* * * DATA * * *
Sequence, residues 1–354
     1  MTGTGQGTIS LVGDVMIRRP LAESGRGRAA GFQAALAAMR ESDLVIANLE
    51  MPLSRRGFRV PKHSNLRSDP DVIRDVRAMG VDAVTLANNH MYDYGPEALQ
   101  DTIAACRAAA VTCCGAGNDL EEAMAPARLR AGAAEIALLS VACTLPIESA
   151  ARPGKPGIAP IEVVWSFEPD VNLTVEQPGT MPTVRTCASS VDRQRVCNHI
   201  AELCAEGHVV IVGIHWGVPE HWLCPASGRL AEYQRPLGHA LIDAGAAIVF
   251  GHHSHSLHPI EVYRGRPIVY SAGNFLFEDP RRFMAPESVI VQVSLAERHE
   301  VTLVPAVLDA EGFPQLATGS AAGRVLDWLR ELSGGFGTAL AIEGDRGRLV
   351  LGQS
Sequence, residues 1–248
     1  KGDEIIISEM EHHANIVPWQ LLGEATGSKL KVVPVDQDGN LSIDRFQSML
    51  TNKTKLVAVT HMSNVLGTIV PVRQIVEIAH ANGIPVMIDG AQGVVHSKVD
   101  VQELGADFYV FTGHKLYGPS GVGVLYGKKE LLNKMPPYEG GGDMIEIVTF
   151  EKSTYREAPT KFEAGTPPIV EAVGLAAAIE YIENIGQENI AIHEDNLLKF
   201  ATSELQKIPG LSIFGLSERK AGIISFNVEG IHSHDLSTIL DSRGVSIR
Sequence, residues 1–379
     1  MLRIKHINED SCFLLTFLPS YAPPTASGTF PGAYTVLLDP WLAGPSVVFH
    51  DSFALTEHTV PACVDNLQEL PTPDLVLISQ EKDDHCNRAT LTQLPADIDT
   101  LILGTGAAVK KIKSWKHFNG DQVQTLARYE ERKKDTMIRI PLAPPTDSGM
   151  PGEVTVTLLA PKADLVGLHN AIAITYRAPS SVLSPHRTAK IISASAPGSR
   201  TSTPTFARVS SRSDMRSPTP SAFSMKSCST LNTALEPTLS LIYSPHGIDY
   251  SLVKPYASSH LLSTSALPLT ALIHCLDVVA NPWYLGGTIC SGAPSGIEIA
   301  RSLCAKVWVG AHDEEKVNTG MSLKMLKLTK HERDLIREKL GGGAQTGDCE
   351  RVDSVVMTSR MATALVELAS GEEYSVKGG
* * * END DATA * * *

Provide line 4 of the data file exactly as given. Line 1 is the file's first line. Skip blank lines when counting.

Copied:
   101  DTIAACRAAA VTCCGAGNDL EEAMAPARLR AGAAEIALLS VACTLPIESA